Uncertainty looms for Afghan women despite Taliban outreach
A women’s activist who stayed home for days in fear of the Taliban ventured out for the first time Tuesday in Afghanistan. She and her sister — their hair covered by loosely draped scarves — were the only women in the market, where they drew some hostile stares but no outright harassment.
Elsewhere in the country’s third-largest city, Herat, girls joined boys in returning to school, against expectations, but Taliban fighters handed out hijabs and headscarves at the door. In the capital Kabul, a female news anchor interviewed a Taliban official in a TV studio — a sight once thought unimaginable.
Days after taking over the country following a lightning offensive, the Taliban made an effort to portray a more moderate stance, promising to respect women’s rights and inviting them to join the government. Some Afghan women, deeply distrustful of the Islamic militants, sought to carefully test their limits.
But across much of the country, many remained home, too terrified to venture into a new world where an extremist group that once stoned women and restricted their every move is now in power. The group’s charm offensive contradicted reports on the ground, including door-to-door visits by militants looking for journalists, people who worked for the opposition and other targets.
A Western female lecturer in Kabul, who wished to remain anonymous due to ongoing security threats, said fear grips the capital.
“They have been starting to go door to door, checking people’ houses, sometimes forcing in. They are saying they are leaving the population alone, but that’s an indication that this is not true,” she said. The Associated Press was unable to independently verify the claims.
The Taliban have blamed scattered acts of looting and theft on criminals or people posing as the Taliban, not their fighters. The Taliban freed thousands of prisoners, including at the country’s biggest prison, as part of a general amnesty.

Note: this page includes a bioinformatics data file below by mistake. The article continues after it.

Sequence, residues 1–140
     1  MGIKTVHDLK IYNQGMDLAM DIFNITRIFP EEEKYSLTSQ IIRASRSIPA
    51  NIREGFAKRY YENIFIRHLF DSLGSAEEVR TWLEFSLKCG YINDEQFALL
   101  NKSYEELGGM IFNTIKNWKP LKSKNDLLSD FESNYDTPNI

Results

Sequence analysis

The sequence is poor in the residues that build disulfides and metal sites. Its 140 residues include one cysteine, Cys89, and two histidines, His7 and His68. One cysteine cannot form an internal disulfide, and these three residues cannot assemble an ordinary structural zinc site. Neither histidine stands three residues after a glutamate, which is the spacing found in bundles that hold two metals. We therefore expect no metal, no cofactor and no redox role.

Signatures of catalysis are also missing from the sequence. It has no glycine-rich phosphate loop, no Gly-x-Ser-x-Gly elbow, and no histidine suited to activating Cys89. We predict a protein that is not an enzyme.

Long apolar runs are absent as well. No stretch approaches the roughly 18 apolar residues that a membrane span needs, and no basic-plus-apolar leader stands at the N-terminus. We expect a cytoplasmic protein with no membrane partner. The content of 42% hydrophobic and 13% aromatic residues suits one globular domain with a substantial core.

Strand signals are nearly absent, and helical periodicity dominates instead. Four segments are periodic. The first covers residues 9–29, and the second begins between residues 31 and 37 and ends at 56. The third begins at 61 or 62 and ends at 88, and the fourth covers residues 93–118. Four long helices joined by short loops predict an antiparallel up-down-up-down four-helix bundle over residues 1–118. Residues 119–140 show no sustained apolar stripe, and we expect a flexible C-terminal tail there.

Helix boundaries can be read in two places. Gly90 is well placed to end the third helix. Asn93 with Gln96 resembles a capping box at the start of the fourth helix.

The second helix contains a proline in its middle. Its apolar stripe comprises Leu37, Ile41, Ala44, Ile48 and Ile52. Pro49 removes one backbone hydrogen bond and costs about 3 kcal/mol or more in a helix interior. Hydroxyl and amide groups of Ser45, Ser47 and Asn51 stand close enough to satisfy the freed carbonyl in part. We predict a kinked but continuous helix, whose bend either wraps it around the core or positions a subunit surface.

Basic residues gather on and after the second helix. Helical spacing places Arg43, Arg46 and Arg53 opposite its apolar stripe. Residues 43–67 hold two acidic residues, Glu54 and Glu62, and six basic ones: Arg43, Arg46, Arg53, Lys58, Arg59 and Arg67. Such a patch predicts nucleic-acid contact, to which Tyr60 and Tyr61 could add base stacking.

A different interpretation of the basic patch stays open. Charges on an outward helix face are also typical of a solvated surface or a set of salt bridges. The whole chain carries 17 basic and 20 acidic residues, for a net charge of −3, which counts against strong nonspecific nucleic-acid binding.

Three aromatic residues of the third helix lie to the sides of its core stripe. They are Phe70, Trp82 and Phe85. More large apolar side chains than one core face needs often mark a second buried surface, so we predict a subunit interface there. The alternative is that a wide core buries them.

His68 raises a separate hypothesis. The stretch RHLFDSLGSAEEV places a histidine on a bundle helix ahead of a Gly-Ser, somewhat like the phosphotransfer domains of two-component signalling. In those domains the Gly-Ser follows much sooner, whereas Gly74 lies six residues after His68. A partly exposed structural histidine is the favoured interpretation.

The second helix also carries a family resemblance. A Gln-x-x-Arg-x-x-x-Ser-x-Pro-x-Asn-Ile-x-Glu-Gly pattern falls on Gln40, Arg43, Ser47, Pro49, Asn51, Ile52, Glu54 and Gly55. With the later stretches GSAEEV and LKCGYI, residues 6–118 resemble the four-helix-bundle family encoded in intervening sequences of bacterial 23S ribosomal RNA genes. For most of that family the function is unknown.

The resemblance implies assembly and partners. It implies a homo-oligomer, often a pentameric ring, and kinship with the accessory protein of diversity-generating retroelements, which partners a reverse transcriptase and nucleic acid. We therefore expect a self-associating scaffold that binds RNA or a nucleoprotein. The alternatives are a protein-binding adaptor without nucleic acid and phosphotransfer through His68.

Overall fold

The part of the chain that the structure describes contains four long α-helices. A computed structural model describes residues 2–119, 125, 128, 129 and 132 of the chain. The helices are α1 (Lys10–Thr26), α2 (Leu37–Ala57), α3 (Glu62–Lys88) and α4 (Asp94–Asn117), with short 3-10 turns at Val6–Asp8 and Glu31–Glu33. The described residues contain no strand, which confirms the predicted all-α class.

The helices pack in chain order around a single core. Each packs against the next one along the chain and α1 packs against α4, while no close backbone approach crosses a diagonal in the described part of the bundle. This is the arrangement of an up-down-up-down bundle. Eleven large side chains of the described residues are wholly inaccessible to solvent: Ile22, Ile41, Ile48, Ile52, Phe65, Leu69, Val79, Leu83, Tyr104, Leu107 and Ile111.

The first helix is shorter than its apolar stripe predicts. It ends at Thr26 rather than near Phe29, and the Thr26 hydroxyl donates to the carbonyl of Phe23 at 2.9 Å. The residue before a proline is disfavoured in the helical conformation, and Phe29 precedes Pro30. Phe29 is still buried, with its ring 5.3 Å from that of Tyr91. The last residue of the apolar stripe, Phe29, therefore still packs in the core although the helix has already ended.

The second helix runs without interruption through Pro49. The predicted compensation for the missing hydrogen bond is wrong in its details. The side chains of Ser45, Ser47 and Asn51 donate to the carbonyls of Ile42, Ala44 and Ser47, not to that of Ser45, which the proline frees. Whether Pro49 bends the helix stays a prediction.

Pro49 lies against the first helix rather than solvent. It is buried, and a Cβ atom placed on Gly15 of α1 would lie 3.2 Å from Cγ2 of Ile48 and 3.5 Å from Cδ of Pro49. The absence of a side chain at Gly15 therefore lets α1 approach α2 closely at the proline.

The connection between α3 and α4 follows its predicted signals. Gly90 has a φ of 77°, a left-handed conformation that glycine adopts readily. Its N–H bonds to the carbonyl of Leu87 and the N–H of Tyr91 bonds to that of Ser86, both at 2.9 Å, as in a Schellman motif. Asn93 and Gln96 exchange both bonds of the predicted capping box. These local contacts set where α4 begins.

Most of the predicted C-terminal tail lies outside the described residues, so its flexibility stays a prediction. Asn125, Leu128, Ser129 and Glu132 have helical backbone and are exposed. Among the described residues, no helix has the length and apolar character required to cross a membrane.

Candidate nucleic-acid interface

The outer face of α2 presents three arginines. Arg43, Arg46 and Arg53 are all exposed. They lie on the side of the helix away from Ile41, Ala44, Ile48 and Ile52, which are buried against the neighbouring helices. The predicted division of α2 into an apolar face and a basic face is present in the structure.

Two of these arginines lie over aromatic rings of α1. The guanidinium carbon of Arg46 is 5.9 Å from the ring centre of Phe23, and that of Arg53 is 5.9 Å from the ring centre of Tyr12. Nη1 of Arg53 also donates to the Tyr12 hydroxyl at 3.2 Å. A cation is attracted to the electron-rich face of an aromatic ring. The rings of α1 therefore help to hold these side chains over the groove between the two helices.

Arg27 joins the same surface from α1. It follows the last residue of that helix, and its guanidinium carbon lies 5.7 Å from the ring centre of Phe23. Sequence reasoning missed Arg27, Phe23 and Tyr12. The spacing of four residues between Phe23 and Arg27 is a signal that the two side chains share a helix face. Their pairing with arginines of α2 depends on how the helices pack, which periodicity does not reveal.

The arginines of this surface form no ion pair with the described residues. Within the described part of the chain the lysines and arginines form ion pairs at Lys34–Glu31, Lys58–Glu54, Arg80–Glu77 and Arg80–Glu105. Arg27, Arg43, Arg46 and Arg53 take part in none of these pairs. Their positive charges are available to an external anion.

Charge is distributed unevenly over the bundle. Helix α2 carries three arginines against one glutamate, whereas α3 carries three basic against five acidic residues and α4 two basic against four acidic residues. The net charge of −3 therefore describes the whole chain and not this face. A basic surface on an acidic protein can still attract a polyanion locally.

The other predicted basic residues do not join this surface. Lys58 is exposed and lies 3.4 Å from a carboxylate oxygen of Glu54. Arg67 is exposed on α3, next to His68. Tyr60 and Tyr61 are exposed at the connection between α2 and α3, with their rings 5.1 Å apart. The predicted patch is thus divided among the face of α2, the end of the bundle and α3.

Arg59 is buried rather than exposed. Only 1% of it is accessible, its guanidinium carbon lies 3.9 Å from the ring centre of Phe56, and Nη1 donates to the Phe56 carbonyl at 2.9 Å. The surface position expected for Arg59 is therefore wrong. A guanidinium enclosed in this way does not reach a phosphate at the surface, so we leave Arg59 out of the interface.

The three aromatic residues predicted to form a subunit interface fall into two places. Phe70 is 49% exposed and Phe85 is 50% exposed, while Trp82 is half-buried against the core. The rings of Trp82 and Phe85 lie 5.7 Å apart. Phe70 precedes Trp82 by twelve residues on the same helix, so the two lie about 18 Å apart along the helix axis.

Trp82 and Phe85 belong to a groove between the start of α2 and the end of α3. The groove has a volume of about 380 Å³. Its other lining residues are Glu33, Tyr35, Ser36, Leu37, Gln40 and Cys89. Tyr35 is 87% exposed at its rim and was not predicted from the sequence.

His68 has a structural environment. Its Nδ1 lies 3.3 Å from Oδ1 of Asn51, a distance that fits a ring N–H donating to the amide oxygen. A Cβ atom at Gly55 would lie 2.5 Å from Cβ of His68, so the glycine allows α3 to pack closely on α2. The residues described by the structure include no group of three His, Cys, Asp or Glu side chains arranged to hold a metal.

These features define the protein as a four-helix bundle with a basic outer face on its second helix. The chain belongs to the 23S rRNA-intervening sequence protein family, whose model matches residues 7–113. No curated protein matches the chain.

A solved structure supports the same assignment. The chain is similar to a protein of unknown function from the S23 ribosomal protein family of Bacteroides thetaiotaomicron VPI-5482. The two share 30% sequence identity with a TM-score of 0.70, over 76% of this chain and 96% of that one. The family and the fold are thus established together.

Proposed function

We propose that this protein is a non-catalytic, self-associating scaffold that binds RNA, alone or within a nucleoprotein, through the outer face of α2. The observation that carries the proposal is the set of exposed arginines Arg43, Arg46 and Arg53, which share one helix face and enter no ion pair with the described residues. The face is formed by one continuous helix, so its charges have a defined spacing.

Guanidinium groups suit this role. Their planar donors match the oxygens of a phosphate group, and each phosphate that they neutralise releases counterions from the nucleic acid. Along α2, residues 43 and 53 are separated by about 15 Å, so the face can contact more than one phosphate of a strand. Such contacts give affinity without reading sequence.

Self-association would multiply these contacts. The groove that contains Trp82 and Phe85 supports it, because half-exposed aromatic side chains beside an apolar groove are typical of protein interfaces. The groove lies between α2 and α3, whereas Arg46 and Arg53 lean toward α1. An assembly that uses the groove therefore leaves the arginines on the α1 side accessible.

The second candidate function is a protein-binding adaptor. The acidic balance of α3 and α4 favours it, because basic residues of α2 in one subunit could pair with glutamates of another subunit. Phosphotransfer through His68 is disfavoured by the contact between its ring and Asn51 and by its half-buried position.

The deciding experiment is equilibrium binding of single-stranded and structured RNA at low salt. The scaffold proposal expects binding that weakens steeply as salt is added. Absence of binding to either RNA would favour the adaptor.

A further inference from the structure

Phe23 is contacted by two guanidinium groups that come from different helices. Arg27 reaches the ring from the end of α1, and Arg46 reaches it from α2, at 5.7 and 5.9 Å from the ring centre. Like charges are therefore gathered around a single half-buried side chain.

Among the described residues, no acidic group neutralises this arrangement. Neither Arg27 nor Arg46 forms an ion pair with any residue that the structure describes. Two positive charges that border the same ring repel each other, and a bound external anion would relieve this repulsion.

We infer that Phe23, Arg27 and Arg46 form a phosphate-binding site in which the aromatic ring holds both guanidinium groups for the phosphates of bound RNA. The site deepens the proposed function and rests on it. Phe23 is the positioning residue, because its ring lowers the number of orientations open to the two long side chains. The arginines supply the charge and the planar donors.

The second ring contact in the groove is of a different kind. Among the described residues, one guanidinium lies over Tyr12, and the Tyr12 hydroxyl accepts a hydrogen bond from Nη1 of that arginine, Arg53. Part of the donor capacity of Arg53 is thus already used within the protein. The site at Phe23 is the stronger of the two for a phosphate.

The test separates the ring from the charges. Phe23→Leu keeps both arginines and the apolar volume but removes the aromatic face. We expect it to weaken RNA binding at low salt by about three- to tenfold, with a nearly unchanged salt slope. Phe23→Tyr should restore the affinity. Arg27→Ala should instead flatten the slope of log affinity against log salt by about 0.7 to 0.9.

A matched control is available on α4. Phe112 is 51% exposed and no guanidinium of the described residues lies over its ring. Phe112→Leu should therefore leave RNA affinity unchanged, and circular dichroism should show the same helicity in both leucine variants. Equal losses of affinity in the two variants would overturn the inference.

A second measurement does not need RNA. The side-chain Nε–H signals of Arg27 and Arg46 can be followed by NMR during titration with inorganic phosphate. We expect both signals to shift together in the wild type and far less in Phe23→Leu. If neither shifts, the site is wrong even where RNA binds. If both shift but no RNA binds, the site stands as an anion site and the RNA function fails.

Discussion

The reports, if confirmed, would stand in stark contrast to the promises made by the group Tuesday.
Enamullah Samangani, a member of the Taliban’s cultural commission, said the group was ready to “provide women with environment to work and study, and the presence of women in different (government) structures.” Another official vowed to honor women’s rights “according to Islamic law.” The Taliban hold hard-line interpretations of Islamic scripture.
“I do not believe the Taliban,” said a senior female broadcaster in Kabul, who said she remained in hiding Tuesday at a relative’s house.
She said she was too frightened to return home much less to work following reports the Taliban had a list of journalists and had knocked on some of their doors after entering Kabul on Sunday.
Her father told her to stay in hiding until the security situation becomes clearer. Speaking to the AP by phone, the 29-year-old, who wished to remain anonymous for fear of retaliation, said the situation is unclear for women in Afghanistan.
Earlier, in a sign of the Taliban’s efforts to portray a new image, a female television anchor on the private broadcaster Tolo interviewed a Taliban official on camera Tuesday in a studio.
“Unthinkable two decades ago when they were last in charge,” tweeted Saad Mohseni, the station’s owner.
In the western province of Herat, Zahra, a 26-year-old advocate of women’s rights, said most residents, particularly women, remained at home Tuesday, five days after the Taliban arrived in the city. The woman, known for her work with nonprofit organizations for the past five years, asked not to be identified by her full name.
She hoped to get on a plane out of Afghanistan in the coming days, and on Tuesday headed to the market to buy things ahead of her possible departure.
Wearing a long dress and loose headscarf, she said she was met by menacing stares by some of the armed Taliban fighters, while disregarded by others. At the market, most shops were closed. New stalls selling the Taliban’s white flags emblazoned with an Islamic proclamation of faith had sprouted up.
“We were the only females at the bazar,” she said of herself and her sister. “Almost all the shops were closed.”
She said children went back to school Monday to resume their exams, including adolescent girls who were handed long scarves and hijabs by Taliban fighters at the door who asked that they put them on.
So far there were no signs the group was forcing women to wear a burqa, the all-encompassing blue robe women were forced to wear under Taliban rule.
But these were early days, said Zahra, and she was certain the group had not changed at all.
For now, most women were waiting for clearer signs from the Taliban. In the meantime, they were preoccupied with immediate concerns such as whether they could go out on their own, whether they still had jobs or could ever pursue careers, or whether they should leave the country.
The senior TV broadcaster in Kabul said Afghan women have made great gains over the years, but she does not think the Taliban accepts those strides.
She said a friend of hers who is a presenter on Afghanistan’s national broadcaster, Mili TV, called her crying after she was told Tuesday by the station to stay home and not return to work until further notice.
“I want to come back home, but my family — maybe, I don’t know what I should do,” she said.